Flex-based Responsive Layout

Now, the float-based layout is really a bit of a hack, as the intent of the float property is really for the embedding of images and callouts to the sides of text content. Unfortunately, floats and tables were the only mechanisms in earlier versions of CSS to allow for more nuanced layouts.

However, that has changed with CSS3, which has introduced several new layout algorithms to supplement the traditional flow and table ones. One of these is flexbox, which we will explore now.

Flexbox provides an alternative means for laying out HTML elements within a containing element. You set the containing element’s display property to flex, and choose a flex-direction (row, column, row-reverse, or column-reverse).

It is very easy to set up our three-column layout with flexbox. Let’s do so now.

First, we’ll change the class we are applying to our containing div element in Pages/Index.cshtml. Let’s use "flex-columns" instead of our previous "float-columns":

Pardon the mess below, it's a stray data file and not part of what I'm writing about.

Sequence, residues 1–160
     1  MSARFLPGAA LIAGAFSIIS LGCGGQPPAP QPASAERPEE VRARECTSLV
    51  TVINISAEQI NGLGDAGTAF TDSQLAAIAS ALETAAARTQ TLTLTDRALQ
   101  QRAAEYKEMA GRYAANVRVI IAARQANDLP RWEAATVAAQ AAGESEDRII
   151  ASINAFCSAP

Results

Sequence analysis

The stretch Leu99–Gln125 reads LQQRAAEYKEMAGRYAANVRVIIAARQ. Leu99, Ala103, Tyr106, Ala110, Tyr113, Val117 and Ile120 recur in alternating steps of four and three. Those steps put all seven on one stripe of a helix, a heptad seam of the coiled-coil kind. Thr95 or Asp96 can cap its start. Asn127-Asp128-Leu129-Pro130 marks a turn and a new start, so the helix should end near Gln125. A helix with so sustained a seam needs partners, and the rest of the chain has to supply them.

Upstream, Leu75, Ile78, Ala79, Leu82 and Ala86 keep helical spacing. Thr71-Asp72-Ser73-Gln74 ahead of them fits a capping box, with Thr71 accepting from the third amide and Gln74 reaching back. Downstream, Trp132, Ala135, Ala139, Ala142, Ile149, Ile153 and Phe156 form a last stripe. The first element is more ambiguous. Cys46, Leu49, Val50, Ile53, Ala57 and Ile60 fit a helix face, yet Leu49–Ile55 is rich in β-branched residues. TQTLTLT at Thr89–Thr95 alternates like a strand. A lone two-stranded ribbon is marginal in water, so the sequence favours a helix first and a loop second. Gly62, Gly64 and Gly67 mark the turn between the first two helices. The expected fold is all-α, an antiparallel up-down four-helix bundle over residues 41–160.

<aside class="advertisement">
    <img src="~/img/ad.png" alt="Eat at Bernies!"/>
<div class="flex-columns">
        <h1>Column One</h1>

We can then add additional CSS rules to our wwwroot/css/site.css to apply the flex layout:

.flex-columns {
    display: flex;
    flex-direction: row;

Now if we run our program and look at our page, we’ll see that the flex algorithm has automatically arranged the children <div> elements into three equally-sized columns for us!

Flex-based columns layout

Moreover, if we were to add or remove columns, the layout would automatically change to keep them balanced. You can also apply a number of additional properties to provide more fine-grained control of the layout; the CSS Tricks A Complete Guide to Flexbox offers a great guide to the details.

Now to make our layout responsive, we just need to switch the direction of our container:

@media (max-width: 490px) {
    .flex-columns {
        flex-direction: column;

Now when we view our page on a smaller screen, it will use columns instead of rows!

Single Column Flex Layout

We also no longer need to bother with a clearfix <div>, though leaving the one we created in the prior example in place won’t cause any problems.